William Shakespeare was an English poet and actor regarded as the greatest writer in the English language and the world's greatest dramatist. He is called England's national poet and the "Bard of Avon", his extant works, including collaborations, consist of 39 plays, 154 sonnets, two long narrative poems, a few other verses, some of uncertain authorship. His plays have been translated into every major living language and are performed more than those of any other playwright. Shakespeare was raised in Stratford-upon-Avon, Warwickshire. At the age of 18, he married Anne Hathaway, with whom he had three children: Susanna and twins Hamnet and Judith. Sometime between 1585 and 1592, he began a successful career in London as an actor and part-owner of a playing company called the Lord Chamberlain's Men known as the King's Men. At age 49, he appears to have retired to Stratford. Few records of Shakespeare's private life survive; such theories are criticised for failing to adequately note that few records survive of most commoners of the period.
Shakespeare produced most of his known works between 1589 and 1613. His early plays were comedies and histories and are regarded as some of the best work produced in these genres; until about 1608, he wrote tragedies, among them Hamlet, King Lear, Macbeth, all considered to be among the finest works in the English language. In the last phase of his life, he collaborated with other playwrights. Many of Shakespeare's plays were published in editions of varying quality and accuracy in his lifetime. However, in 1623, two fellow actors and friends of Shakespeare's, John Heminges and Henry Condell, published a more definitive text known as the First Folio, a posthumous collected edition of Shakespeare's dramatic works that included all but two of his plays; the volume was prefaced with a poem by Ben Jonson, in which Jonson presciently hails Shakespeare in a now-famous quote as "not of an age, but for all time". Throughout the 20th and 21st centuries, Shakespeare's works have been continually adapted and rediscovered by new movements in scholarship and performance.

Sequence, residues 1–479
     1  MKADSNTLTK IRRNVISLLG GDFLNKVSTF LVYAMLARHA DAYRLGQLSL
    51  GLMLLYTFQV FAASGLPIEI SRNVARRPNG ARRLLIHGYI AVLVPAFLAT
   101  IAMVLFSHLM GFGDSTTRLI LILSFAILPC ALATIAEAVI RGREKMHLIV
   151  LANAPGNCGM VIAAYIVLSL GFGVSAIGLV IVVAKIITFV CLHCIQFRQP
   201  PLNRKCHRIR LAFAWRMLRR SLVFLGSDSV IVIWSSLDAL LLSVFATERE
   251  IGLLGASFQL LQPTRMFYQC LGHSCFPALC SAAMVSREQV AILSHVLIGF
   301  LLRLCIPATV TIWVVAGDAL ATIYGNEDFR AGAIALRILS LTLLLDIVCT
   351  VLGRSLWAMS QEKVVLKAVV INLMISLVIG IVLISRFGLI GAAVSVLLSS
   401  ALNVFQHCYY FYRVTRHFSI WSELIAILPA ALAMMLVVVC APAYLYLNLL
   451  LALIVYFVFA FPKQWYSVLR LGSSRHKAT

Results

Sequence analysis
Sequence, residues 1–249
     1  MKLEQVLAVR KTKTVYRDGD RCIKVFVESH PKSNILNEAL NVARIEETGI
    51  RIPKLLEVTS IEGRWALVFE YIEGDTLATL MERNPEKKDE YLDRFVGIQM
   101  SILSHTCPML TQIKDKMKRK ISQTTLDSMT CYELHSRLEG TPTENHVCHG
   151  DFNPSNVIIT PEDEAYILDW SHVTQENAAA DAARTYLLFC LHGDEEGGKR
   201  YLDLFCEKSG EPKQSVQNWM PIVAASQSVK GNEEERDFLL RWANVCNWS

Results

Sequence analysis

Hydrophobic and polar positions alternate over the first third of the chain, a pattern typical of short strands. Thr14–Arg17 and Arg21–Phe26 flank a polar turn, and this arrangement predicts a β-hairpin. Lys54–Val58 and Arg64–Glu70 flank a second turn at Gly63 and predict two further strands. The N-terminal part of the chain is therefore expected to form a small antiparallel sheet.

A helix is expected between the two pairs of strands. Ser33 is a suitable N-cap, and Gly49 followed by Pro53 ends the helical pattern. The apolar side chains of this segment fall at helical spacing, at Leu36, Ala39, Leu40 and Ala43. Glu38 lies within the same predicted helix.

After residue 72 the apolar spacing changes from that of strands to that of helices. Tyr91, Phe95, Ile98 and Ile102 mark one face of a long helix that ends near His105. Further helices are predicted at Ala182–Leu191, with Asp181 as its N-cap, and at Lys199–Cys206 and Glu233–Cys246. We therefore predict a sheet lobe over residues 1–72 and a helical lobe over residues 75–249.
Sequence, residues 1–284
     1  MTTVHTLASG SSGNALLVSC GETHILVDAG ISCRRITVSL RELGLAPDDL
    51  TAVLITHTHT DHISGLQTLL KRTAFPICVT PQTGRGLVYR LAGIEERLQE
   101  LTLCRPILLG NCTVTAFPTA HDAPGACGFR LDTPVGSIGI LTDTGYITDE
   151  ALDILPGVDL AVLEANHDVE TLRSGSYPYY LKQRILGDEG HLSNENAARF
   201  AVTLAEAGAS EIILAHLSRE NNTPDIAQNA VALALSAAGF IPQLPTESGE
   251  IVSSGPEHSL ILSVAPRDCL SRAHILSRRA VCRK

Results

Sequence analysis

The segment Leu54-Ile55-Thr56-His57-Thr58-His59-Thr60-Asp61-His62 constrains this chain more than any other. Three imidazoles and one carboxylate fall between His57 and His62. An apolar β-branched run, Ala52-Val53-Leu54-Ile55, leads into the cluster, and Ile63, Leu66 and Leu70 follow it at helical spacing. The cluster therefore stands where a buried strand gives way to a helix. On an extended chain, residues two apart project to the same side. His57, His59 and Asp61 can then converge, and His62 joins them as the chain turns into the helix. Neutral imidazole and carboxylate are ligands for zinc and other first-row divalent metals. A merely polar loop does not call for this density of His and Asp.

His plays remain popular and are studied and reinterpreted through various cultural and political contexts around the world. William Shakespeare was the son of John Shakespeare, an alderman and a successful glover from Snitterfield, Mary Arden, the daughter of an affluent landowning farmer, he was born in Stratford-upon-Avon and baptised there on 26 April 1564. His actual date of birth remains unknown, but is traditionally observed on 23 April, Saint George's Day; this date, which can be traced to a mistake made by an 18th-century scholar, has proved appealing to biographers because Shakespeare died on the same date in 1616. He was the third of eight children, the eldest surviving son. Although no attendance records for the period survive, most biographers agree that Shakespeare was educated at the King's New School in Stratford, a free school chartered in 1553, about a quarter-mile from his home. Grammar schools varied in quality during the Elizabethan era, but grammar school curricula were similar: the basic Latin text was standardised by royal decree, the school would have provided an intensive education in grammar based upon Latin classical authors.